Health of the community must be priority

The County of Kauai has been involved over the past two years in developing a General Plan for the island to address policies which will guide public decisions-making for the next 20 years.

This current draft plan is the first time that the Planning Department has included a section on Community Health and the department must be congratulated in extending the plan into this area. I have interest in the area of the plan dealing with Community Health because I am both a retired ob/gyn physician and have an advanced degree in public health.

In addition to my review of the draft 20-year General Plan I have discussed many of the community issues with Dr. Janet Berreman, the recently hired head of the Kauai District Health Office. A summary of the information I have gathered is reviewed below.

Public health issues are extremely important to local communities for it is estimated that an active public and personal health approach accounts for 80-90 percent of wellness, while providers of healthcare provide only 10-20 percent of wellness to an individual. Yet the attention paid to public health areas and the money spent are often insubstantial.

Lack of affordable housing is not often thought of as a public health problem but it is one of the major public health issues facing Kauai. Expensive, overcrowded, inadequate housing affects families in a multitude of physical, sociological and psychological ways.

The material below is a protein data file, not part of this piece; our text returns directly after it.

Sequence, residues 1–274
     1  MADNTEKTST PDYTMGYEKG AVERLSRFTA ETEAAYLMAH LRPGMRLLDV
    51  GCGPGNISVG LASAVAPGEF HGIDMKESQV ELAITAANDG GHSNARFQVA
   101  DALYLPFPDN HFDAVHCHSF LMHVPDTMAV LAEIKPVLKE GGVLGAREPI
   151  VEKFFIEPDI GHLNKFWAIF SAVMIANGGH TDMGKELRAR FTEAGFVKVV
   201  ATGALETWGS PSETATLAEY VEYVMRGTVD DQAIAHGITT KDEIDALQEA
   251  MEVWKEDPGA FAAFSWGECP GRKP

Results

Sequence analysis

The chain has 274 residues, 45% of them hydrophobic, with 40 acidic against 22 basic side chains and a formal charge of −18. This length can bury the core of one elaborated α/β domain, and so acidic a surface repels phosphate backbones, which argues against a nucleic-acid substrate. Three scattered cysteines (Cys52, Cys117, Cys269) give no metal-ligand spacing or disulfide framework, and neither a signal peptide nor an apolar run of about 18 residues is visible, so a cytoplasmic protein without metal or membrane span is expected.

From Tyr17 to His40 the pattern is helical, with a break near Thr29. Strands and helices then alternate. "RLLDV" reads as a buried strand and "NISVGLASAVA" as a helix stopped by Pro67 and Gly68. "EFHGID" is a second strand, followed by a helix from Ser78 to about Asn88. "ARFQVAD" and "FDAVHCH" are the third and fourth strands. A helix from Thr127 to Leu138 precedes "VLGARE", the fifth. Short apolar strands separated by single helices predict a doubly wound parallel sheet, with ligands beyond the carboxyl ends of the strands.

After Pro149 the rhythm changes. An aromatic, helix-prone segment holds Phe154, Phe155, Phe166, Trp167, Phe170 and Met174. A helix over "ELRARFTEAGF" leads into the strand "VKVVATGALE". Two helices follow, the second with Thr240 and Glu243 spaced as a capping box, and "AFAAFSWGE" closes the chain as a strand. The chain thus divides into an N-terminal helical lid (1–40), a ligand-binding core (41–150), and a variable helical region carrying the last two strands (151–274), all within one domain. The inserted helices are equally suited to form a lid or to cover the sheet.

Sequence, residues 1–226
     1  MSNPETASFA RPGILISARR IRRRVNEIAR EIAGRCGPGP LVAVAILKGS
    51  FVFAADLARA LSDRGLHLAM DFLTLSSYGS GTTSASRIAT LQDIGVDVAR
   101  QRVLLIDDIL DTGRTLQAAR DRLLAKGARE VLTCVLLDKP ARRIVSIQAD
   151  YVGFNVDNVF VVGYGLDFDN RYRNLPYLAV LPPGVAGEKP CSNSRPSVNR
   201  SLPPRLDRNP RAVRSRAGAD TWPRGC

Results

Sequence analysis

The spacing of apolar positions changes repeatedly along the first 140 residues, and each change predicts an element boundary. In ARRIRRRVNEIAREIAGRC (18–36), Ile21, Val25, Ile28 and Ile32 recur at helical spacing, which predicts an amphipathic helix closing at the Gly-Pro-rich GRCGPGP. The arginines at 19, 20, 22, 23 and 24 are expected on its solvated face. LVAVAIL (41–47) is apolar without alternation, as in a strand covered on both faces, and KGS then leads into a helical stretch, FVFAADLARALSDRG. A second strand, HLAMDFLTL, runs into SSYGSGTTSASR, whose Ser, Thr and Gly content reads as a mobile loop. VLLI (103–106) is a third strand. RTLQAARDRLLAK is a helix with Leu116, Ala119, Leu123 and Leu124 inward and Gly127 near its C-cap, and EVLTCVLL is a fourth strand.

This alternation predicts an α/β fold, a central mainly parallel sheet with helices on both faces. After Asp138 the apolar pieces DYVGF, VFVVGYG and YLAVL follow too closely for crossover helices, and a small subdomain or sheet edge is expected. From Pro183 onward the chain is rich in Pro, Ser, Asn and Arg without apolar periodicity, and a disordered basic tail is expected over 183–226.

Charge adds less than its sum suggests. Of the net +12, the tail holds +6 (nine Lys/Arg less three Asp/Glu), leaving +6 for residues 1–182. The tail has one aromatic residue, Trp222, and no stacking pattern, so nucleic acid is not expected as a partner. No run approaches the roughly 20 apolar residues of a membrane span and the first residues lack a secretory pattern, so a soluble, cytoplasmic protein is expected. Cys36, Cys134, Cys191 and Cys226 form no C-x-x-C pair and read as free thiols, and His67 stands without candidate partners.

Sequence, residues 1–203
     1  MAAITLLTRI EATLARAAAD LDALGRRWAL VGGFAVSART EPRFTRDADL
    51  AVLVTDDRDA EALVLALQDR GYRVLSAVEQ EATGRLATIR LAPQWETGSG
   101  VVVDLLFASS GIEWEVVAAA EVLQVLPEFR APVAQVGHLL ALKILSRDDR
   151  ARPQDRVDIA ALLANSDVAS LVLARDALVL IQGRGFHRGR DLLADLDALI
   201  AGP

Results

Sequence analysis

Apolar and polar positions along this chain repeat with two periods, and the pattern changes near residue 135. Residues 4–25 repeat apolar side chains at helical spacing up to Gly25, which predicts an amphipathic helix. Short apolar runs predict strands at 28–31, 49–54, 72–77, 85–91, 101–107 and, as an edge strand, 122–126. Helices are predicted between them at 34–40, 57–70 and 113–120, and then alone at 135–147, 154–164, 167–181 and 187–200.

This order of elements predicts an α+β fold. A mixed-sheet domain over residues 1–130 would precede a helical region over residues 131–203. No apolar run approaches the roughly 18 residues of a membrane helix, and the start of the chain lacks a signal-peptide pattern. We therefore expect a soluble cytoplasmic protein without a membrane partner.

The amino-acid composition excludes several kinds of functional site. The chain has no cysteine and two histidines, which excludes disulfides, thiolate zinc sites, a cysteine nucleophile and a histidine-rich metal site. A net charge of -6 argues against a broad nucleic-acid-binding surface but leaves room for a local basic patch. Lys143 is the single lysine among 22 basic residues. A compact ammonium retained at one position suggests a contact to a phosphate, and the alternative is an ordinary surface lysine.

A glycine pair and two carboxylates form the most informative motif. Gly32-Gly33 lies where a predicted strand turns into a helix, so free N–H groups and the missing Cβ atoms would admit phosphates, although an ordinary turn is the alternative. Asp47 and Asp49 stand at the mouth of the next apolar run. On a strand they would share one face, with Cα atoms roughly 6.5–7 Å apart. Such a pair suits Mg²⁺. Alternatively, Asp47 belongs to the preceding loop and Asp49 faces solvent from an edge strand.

While some new subdivisions were included in the draft General Plan, I am personally against their blanket inclusion. I would argue that subdivisions be approved only if 70 percent of the housing in a subdivision is affordable for the median Kauai family, leaving 30 percent of the subdivision for expensive housing with starting costs above $400,000.

Without such guidelines included in the planning document the island will continue to be a place unaffordable to local families. The unfettered county approval for ultra expensive housing simply must stop and the housing crisis must be addressed with local families as the focal point for decision-making.

Teen pregnancy and teen births in Hawaii are higher on average than on the Mainland and this is particularly true of Hawaiian and Pacific Island teens. At the same time, reproductive health education in public schools is abysmal and proposed changes for reproductive health education needs to be included in the plan as a public health issue.

The University of Hawaii has developed a culturally specific program for 11- to 13-year-olds called Pono Choices. Some Kauai schools are already using this program and I would like to see support and use of this important educational tool in all the Kauai schools.

Other areas which need attention in the plan are education on seat belt use, decreasing the illegal use of cell phones and texting while driving and drug/alcohol use as it relates to traffic deaths and domestic violence. Food insecurity, the lack of/or high cost of healthy food and the inadequate/unaffordable care for our growing elderly population are other major areas of concern for many island families and should be addressed in the General Plan.

Sound public health policies are a major contributor to individual and community health. Kauai offers a beautiful natural environment. Now we must design measures within the General Plan that best serve the needs of the local community and provide safeguards to protect current and future generations.


Judy Shabert, MD, is a resident of Kilauea.


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